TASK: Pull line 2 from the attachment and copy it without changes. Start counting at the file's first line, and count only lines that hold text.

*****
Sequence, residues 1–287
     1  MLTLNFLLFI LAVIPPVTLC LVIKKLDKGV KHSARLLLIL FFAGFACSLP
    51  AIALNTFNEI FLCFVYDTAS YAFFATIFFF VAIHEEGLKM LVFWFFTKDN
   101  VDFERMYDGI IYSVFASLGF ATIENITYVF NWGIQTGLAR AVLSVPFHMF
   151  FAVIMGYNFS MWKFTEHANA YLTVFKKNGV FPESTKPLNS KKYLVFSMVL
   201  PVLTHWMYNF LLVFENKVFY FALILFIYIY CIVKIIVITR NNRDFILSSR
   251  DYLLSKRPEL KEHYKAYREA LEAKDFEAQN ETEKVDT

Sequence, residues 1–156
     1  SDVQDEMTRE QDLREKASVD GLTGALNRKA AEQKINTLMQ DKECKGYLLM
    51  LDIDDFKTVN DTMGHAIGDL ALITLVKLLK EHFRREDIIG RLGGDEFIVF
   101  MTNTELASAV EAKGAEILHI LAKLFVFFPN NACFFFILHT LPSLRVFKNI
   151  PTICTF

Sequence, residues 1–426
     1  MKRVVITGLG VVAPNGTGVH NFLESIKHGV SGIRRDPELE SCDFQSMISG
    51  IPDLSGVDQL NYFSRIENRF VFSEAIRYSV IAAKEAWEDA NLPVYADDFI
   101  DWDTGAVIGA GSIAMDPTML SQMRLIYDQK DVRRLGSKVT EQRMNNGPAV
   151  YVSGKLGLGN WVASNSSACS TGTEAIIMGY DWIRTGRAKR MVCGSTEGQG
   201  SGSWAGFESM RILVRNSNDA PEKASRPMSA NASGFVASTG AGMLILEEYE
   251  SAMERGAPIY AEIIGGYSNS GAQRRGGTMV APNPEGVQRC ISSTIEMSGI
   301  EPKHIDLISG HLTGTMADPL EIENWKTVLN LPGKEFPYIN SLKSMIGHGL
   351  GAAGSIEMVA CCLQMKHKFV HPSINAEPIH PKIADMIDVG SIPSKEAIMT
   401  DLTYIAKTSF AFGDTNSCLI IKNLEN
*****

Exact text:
     1  MLTLNFLLFI LAVIPPVTLC LVIKKLDKGV KHSARLLLIL FFAGFACSLP